Steps Taken to Identify, Track and Post (a)(2) Proactive Disclosures

The FOIA requires agencies to proactively release certain information in the Federal Register and post on their websites certain operational and “frequently requested” records that have been requested and released three or more times.  See 5 U.S.C. § 552(a)(1)-(2).  Components described a range of methods to identify records for proactive disclosure.  Components that do not receive a large volume of requests often rely on staff knowledge to identify records for posting.  During the reporting period, ATR reviewed requests during intake to identify potential duplicate subjects that might have already been processed, or that might be pending.  Once ATR identified any materials released three or more times, the Division’s Web Services Section worked to post those records.  In the upcoming year, ATR will assign a GIS to take a historical look at FOIA logs to determine what additional records can be proactively disclosed.  PARDON proactively publishes presidential grants and denials organized by President and date on PARDON’s website.  PARDON experienced a high volume of FOIA requests wanting to know the decisional track record for each President, so PARDON now releases the information proactively.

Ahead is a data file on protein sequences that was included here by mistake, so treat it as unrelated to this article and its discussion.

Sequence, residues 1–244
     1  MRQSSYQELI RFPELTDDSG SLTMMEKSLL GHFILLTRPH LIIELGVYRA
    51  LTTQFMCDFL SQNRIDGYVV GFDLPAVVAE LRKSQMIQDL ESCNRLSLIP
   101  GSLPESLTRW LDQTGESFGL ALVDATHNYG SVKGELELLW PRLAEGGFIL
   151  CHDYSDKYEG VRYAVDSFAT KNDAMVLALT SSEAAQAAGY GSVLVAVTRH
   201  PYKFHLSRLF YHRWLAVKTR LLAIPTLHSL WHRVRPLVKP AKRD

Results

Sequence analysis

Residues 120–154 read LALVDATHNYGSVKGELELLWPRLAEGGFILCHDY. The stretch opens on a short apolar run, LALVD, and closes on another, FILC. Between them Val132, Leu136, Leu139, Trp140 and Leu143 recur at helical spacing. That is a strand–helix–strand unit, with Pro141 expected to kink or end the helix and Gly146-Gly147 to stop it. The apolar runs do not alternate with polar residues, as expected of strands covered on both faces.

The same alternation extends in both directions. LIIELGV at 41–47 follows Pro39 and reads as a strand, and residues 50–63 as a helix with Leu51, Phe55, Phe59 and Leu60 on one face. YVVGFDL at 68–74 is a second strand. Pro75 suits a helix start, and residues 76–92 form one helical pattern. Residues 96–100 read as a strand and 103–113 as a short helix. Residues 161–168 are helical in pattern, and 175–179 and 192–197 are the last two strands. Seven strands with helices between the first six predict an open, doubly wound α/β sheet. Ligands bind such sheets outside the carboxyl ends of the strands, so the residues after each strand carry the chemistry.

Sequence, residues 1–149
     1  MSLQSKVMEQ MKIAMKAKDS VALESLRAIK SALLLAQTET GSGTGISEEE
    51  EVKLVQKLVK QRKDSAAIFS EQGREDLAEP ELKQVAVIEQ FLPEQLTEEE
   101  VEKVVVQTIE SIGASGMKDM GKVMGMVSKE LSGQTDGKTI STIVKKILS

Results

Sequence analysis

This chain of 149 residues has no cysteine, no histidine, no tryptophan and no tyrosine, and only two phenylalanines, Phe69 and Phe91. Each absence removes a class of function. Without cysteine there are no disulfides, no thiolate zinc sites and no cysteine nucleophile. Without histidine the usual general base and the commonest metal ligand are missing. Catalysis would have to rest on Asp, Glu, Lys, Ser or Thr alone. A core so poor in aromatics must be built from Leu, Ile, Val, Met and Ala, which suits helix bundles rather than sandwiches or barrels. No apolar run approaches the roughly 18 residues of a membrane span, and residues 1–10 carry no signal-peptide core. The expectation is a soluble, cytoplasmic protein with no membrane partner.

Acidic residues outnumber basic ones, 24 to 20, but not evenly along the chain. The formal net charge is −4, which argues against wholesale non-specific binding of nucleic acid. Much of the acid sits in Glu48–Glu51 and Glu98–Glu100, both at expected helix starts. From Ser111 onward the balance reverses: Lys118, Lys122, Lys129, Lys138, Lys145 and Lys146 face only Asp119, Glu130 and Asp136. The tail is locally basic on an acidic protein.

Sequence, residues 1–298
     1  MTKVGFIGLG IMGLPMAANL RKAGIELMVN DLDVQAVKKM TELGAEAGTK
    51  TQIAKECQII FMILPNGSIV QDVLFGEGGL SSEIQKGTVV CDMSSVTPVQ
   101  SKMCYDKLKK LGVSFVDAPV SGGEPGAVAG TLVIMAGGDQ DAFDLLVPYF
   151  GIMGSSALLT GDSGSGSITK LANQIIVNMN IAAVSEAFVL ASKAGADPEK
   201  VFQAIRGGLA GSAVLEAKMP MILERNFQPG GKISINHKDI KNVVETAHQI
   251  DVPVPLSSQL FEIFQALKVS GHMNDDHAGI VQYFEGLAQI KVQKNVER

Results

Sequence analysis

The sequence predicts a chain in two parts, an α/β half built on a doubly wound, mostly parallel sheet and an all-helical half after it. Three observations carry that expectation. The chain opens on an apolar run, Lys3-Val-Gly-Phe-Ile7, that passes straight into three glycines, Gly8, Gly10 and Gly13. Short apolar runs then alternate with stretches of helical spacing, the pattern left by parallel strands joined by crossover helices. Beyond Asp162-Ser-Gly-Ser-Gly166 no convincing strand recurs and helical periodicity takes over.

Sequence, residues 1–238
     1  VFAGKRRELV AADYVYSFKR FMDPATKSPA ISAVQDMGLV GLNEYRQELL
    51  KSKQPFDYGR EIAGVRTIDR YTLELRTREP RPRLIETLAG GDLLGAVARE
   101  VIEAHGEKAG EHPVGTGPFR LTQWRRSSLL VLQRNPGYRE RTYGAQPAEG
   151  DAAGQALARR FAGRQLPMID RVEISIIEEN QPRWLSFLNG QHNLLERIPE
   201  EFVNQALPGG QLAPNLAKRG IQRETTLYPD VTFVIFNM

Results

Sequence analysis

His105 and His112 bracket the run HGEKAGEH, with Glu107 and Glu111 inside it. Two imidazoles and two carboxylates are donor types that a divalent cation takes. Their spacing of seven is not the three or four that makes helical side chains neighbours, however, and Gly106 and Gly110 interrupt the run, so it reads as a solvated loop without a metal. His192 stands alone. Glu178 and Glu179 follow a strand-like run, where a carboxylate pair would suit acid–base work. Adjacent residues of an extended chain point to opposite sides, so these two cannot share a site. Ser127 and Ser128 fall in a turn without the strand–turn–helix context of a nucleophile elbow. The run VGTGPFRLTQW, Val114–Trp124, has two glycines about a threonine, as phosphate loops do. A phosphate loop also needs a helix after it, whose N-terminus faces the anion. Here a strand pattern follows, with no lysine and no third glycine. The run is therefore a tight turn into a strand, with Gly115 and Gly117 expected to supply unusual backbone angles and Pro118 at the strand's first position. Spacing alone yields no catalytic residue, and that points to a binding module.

Some components go beyond the requirements to post records that have been frequently requested.  For instance, the Organized Crime and Drug Enforcement Task Force (OCDETF) made efforts to post any documents released in response to a FOIA request.  BOP reviewed media requests to determine if other requesters, including, but not limited to, other members of the media, previously requested the same records.  This helps BOP in making release determinations.